â€œBETTER THAN GOLDâ€
This chapter contains a bewitching picture of Wisdom as a noble matron. Were it not for this feminine touch, we might, suppose that the Preacher had become a Prophet and was discerning the lineaments of Christ, who in His human life embodied the Divine Wisdom, as indeed He was the Eternal Word.
She stands in the open places; her ringing voice is heard down the streets, appealing to those who are entering the city gates or doors of the houses. There is no muttering or whispering; but the beauty of goodness illuminates all she says. She insists on her own value, as compared with the valuables that men prize. The central point in her promises is that she imparts those great moral qualities which imply the true leadership and right estimate of others. What a precious word is Proverbs 8:17 : but we can never forget that we love â€œbecause He first loved us.â€ Oh, the mystery and wonder of it! And can that love ever fail us?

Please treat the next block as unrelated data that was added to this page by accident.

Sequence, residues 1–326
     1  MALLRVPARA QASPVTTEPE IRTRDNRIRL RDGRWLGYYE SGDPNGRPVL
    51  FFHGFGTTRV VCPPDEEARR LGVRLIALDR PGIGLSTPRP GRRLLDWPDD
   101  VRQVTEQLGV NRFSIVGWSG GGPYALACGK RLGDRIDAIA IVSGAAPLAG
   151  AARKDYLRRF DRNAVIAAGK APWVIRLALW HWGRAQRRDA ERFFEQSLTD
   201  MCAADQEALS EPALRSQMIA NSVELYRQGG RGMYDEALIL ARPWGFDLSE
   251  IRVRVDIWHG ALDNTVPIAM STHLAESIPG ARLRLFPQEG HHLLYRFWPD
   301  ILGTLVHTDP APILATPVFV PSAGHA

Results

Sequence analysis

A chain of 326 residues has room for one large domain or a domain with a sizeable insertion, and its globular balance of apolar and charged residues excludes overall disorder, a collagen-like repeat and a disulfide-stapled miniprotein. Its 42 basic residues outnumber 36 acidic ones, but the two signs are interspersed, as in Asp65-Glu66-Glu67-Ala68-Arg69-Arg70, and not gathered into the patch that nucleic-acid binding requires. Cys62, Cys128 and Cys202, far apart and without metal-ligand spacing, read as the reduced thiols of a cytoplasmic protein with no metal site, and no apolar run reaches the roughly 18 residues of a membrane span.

FINDING WISDOM, FINDING LIFE
The world did not come into being by chance. It was created by an intelligent Creator. Nothing is arbitrary or by accident. Law is the expression of the perfect will of God. It is founded on the inherent necessity which is at the heart of all things; and it is according to unchanging law that all things subsist. Yet never forget that God is Redeemer, as well as Creator, and reserves to Himself the right of suffering the infliction of a broken law, that He may step in to redeem those who are penitent and believing.
It would seem as if in Luke 7:35 our Lord appropriated these sublime words as applicable to Himself. How glorious it is that He appropriates Proverbs 8:31! He does not delight in us after we are redeemed, but before; and it is on this that He bases His appeal: Blessed are they that keep My ways, Proverbs 8:32. Let us watch daily at His gates, and wait at the posts of His doors. For to find Him is to find eternal life, 1 John 4:19.
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Meyer, Frederick Brotherton. "Commentary on Proverbs 8". "F. B. Meyer's 'Through the Bible' Commentary". https://www.studylight.org/
the Second Week after Epiphany